I still try to understand how the same percentage of fans that express anger and disgust over the many front-office failures and the terrible roster construction – valid criticisms, for sure – can also turn around and proclaim that a .500 record is unacceptable and put large heaps of the blame on the manager.

Someone please explain this to me. If we all agree that the front office is an enormous liability, and that the roster is seriously flawed, then why do we raise so much hell about the manager? Why would we expect Marmol to do more with the talent and (and holes) that management handed to him? Can’t make chicken salad out of … well, you know.

COMPLAINING FAN: Front office stinks, front office is the worst, front office put together a hideous roster. Front office is still an epic failure at assembling enough starting-pitching depth. Front office no longer develops quality pitching. Front office cannot put a respectable outfield together.

THE SAME FAN: Damn you, Marmol! You should be winning more games! You stink! Worst manager I’ve ever seen!

Um, no. This makes no sense. As noted, the Cardinals should have a 33-41 record based on run differential and other underlying factors. Instead the team is 37-37. Marmol is such an easy target, it’s comical.

The defense went through a sloppy phase, but Marmol can’t make routine plays for them in the field. The players are to blame for the errors they make. But even with the errors, this defense is much better than the awfulness we witnessed in 2023. Their defensive efficiency rating is 22 percent higher than 2023; a big reason is Marmol making more extensive use of his best defensive players.

According to FanGraphs, the Cardinals rank No. 10 in the majors in effective baserunning. They are second in the majors in bases taken. Their small–ball capability is sound and good. Under Marmol’s supervision, the fundamentals have been cleaned up after the mess of ‘23.

Thanks to advisor Chaim Bloom, Marmol was given a better bullpen to work with this season. But he’s also making the most of it – and, yes, that’s true, despite what the spewing critics snarl. The Cardinals have the fifth-rated bullpen in the majors based on Win Probability Added, and they have not lost a game this season when leading after eight innings. And they’ve lost only two games when leading after seven innings.

The manager is responsible for using, and pulling, relievers. And on many occasions his bullpen is in a short-handed state. He makes do by successfully cultivating largely untested relievers such as Ryan Fernandez, John King, Kyle Leahy, and others.

Every manager makes decisions that can be second-guessed and criticized. People in this town act like Marmol is the only manager out there who screwed up a pitching decision. Hell, you ought to hear what Cubs fans are saying about the $40 million manager, Craig Counsell.

You don’t like the way Marmol puts together a lineup? OK, question: what in the name of Whitey Herzog would you have him do? The bench depth is woeful. Injuries have made the bench even weaker. Offensively the St. Louis outfield ranks 24th in onbase percentage and 28th in slugging and OPS. Their center-field position ranks last in the majors in batting average, OBP, slugging, OPS and home runs – and all of this is somehow Marmol’s fault? Of course not. He can only work with the roster that’s in place.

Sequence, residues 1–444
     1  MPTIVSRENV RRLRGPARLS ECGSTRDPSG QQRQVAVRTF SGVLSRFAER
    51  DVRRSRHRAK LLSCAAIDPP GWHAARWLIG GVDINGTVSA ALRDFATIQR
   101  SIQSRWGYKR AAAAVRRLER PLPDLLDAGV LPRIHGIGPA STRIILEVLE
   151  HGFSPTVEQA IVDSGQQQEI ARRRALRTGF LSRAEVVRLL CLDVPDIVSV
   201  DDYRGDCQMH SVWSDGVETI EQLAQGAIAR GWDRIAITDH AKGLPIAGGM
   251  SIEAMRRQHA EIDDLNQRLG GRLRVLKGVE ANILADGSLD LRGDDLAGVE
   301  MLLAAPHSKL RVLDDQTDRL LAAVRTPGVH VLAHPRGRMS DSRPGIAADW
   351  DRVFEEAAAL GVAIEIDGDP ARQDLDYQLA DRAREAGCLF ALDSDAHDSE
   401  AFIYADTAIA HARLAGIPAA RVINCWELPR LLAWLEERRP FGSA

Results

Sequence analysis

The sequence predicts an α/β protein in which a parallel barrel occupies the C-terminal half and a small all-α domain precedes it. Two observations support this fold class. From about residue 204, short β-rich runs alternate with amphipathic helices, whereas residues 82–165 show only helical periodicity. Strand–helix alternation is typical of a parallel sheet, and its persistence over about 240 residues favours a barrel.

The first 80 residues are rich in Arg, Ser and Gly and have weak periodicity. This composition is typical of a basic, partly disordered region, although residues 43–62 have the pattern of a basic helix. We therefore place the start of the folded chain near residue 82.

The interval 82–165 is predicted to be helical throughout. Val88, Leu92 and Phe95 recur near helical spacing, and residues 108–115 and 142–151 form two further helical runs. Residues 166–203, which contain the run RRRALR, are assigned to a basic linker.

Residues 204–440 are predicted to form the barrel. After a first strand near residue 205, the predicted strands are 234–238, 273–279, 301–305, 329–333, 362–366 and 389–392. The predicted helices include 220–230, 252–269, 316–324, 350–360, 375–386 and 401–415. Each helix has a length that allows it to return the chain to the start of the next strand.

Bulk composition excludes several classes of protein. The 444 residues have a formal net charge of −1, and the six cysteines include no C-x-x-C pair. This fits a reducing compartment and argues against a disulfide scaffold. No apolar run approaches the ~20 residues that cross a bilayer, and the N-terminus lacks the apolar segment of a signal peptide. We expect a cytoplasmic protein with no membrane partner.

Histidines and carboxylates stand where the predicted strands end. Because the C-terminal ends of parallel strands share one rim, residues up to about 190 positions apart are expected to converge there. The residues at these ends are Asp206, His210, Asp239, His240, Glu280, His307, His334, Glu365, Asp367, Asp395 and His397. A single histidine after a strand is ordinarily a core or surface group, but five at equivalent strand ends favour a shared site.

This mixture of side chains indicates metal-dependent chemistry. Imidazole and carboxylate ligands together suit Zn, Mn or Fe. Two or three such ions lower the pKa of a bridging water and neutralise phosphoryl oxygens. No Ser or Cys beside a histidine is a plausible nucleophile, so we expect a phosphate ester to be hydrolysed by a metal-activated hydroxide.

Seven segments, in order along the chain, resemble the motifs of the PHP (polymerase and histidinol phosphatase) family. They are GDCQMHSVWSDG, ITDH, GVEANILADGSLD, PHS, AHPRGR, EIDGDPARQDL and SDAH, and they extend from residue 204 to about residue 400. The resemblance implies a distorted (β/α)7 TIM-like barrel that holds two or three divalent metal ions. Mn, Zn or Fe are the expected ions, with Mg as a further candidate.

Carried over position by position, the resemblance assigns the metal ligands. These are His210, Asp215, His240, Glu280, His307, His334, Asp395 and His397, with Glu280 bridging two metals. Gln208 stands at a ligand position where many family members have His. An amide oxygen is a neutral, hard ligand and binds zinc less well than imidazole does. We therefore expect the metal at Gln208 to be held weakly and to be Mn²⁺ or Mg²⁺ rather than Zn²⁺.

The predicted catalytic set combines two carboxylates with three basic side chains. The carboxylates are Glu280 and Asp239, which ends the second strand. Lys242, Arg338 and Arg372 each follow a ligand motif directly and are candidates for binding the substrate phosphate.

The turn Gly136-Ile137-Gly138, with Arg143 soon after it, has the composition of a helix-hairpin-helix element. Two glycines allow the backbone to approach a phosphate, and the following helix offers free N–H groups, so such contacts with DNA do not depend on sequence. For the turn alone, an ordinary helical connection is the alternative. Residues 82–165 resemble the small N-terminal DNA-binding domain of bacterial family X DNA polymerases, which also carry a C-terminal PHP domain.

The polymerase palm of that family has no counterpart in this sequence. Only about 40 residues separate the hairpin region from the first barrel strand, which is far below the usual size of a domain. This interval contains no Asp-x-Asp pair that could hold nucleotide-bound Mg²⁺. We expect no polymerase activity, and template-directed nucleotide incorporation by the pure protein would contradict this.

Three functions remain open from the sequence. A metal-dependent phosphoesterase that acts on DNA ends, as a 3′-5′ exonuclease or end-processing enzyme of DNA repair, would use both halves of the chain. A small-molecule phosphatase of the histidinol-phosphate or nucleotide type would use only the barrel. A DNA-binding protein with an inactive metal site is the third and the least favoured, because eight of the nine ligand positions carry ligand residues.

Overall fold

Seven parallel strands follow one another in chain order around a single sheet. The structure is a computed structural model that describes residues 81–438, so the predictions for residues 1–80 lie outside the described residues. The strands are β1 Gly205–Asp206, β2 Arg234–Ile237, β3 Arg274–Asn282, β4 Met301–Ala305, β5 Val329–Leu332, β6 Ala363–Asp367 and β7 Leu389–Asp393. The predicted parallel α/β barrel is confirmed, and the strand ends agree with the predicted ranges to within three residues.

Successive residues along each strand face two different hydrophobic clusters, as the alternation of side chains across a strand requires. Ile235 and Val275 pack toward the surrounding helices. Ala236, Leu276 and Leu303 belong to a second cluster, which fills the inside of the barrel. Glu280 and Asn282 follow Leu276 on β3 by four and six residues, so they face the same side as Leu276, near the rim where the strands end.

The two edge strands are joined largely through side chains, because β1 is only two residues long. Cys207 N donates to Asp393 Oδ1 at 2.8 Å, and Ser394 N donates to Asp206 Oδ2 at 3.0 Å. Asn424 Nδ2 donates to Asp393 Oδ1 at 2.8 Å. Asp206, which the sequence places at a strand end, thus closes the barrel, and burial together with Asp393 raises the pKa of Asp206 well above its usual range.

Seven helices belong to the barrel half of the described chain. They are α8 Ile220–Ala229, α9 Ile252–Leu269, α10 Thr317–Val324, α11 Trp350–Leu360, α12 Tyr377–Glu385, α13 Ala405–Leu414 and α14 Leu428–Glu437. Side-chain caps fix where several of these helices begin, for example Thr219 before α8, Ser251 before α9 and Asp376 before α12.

The 37-37 record doesn’t mean the Cardinals are a good team. But it means their record is better than it should be. That much is absolutely certain. So maybe the manager deserves a morsel of credit? Marmol is holding this thing together, doing the best he can.

Thanks for reading …

–Bernie

A 2023 inductee into the Missouri Sports Hall of Fame, Bernie hosts an analytical and opinionated sports-talk show on 590 The Fan, KFNS. It airs 3-6 p.m. Monday through Thursday and 4-6 on Friday. Stream live or access the podcast at 590thefan.com or the 590 The Fan app.

Please follow Bernie on Threads @miklaszb

For weekly Cards talk, listen to the “Seeing Red” podcast with Will Leitch and Miklasz via 590thefan.com or wherever you get your podcasts. Follow @seeingredpod on X for a direct link.

Stats used in my baseball columns are sourced from FanGraphs, Baseball Reference, StatHead, Baseball Savant, Baseball Prospectus, Sports Info Solutions, and Cot’s Contracts unless otherwise noted.

Bernie Miklasz

Bernie Miklasz

For the last 36 years Bernie Miklasz has entertained, enlightened, and connected with generations of St. Louis sports fans.

While best known for his voice as the lead sports columnist at the Post-Dispatch for 26 years, Bernie has also written for The Athletic, Dallas Morning News and Baltimore News American. A 2023 inductee into the Missouri Sports Hall of Fame, Bernie has hosted radio shows in St. Louis, Dallas, Baltimore and Washington D.C.

Bernie, his wife Kirsten and their cats reside in the Skinker-DeBaliviere neighborhood of St. Louis.